Agile and the Gates of Hell

Agile and the Gates of Hell

In the beginning there was chaos. On the first day God initiated the project, on the second day defined requirements, then design and you know how the story ends. On the seventh day God looked at the beautiful waterfall He had created, and saw it was good. But paradise did not last long, and as technology started to accelerate and markets could not wait years to get technology solutions, Adam the developer decided to eat of the tree of wisdom, and Agile was born. Initially, it was perceived by the higher powers as “cowboy development” and they were expelled from the garden and confined to start-ups. But Agile managed to thrive and made its way back into paradise, only to find that the higher powers expect it to pass, like any other mortal, through the Gates of Hell.

When Dr. Robert Cooper, a Canadian professor at Mc Master University, came up with the Stage-Gate process thirty years ago, his focus was, and still is, innovation and product development, particularly in manufacturing. However, structured organizations like financial services, telecommunications,  etc.;  with significant IT portfolios saw the potential and adopted some form of a Stage-Gate process as the core of their portfolio governance. Today, around 80% of large organizations in North America use the Stage-Gate process. The success of this approach to govern IT project approvals was based on the perfect fit with the waterfall process which, at the time, was the only mode of delivery that existed, besides “cowboy development” that is still healthy and kicking.

As Agile has become mainstream in the past few years, structured organizations that use a Stage-Gate process are finding that, as initially defined, does not handle Agile very well. Once an idea is approved in Gate 1 (see Figure 1 below) and it is decided that delivery will follow an agile/iterative mode, things start to complicate. Stage 1 is not too “hellish” for agile projects, as it requires high level requirements and design, which are also found in the early stages of agile. It is in Stage 2 where things start to complicate, as the business case, in most structured organizations, should be based on a defined scope, well understood and defined requirements and design, and a detailed plan for execution. Agile projects simply do not have any of these: scope is flexible and they only have high level requirements and design, and a release plan with no detail on what will go in each iteration, not to mention tasks within each iteration.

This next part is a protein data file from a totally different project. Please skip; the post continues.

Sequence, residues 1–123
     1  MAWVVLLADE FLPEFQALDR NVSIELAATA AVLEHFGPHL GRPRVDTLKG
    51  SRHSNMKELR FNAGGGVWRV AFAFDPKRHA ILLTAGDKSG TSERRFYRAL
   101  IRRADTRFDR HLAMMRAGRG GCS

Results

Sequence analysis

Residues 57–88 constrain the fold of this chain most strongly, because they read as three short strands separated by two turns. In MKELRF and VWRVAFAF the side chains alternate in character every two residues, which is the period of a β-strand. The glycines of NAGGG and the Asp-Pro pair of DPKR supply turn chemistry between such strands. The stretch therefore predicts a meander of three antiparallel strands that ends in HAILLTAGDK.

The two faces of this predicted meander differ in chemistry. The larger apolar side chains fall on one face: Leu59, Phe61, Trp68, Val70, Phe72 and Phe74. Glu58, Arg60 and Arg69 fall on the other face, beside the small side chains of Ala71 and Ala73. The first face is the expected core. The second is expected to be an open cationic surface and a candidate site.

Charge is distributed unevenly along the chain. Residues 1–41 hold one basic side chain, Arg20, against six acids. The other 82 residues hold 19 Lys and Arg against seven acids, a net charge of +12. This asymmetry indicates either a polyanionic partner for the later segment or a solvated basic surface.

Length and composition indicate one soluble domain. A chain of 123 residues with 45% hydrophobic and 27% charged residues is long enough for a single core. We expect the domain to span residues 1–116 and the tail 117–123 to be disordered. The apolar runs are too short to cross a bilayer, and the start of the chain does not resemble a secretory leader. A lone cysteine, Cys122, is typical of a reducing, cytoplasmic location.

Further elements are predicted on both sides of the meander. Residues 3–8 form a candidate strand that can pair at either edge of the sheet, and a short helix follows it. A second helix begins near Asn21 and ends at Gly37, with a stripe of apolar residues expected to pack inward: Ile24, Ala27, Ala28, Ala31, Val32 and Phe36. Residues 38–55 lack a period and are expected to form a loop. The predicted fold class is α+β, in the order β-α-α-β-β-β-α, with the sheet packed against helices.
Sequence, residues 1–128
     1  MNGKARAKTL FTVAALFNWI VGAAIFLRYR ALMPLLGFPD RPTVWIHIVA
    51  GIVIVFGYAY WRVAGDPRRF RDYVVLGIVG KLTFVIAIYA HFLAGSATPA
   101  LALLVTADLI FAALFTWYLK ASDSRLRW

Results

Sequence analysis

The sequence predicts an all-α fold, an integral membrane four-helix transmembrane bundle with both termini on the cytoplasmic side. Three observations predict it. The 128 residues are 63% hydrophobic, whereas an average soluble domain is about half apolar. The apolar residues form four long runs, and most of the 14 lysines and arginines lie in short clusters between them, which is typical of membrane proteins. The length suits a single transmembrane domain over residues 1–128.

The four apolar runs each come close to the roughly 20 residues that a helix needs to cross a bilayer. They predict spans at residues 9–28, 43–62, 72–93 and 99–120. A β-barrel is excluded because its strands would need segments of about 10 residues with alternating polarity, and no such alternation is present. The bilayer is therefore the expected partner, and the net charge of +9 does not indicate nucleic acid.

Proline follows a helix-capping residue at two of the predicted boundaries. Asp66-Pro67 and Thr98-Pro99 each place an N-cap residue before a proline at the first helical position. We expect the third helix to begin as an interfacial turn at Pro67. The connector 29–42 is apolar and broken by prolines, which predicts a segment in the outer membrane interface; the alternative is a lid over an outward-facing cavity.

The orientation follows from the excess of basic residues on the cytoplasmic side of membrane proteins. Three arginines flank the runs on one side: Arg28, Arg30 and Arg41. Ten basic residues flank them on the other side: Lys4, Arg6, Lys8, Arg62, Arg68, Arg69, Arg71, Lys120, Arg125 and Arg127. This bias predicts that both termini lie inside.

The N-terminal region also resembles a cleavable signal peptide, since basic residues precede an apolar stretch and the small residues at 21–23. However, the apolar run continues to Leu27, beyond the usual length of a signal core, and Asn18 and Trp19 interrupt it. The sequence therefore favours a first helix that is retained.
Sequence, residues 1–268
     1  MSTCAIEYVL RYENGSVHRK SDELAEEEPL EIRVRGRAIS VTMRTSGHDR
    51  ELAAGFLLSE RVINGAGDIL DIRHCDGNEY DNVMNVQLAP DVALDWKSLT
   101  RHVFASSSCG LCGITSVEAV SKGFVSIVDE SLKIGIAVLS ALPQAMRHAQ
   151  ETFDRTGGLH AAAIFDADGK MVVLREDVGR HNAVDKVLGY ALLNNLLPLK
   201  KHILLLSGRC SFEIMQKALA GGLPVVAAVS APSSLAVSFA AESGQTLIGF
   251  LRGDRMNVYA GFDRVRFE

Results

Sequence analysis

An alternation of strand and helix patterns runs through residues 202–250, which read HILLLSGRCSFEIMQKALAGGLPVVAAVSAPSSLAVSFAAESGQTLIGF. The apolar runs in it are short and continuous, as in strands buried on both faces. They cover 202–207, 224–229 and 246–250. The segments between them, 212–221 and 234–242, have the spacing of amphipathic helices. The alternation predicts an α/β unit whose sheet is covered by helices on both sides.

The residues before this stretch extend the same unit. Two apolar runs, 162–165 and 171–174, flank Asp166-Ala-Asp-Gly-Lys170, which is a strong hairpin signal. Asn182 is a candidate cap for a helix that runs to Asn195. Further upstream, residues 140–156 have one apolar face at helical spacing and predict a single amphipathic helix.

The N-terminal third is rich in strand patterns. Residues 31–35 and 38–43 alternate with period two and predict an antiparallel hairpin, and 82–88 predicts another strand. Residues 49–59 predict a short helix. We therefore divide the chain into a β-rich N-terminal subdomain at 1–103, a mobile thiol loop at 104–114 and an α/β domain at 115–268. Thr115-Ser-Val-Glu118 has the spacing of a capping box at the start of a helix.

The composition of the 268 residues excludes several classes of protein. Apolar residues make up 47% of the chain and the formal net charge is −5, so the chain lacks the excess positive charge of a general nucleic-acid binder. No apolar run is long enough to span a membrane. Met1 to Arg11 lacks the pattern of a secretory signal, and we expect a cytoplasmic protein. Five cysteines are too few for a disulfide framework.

Figure 1: Stage-Gate Product Innovation Process

Furthermore, the business case for Gate 3 requires an estimate of time and cost: a baseline which, in waterfall projects comes after months of planning. Here is where agile projects really break the rules in most organizations. In order to get to a point where an agile project can make a commitment of how many more iterations are needed to get to an initial release, the full team needs to be assigned, and this team starts executing actual work, development and testing, so they can assess their velocity and use it to develop the release plan. In projects where a vendor participates in the development of the solution, they also need to be involved and, of course, get paid. At this stage, “development” has not been approved yet, so the gates in paradise start to shake badly and turn into the gates of hell every time an agile project gets assessed.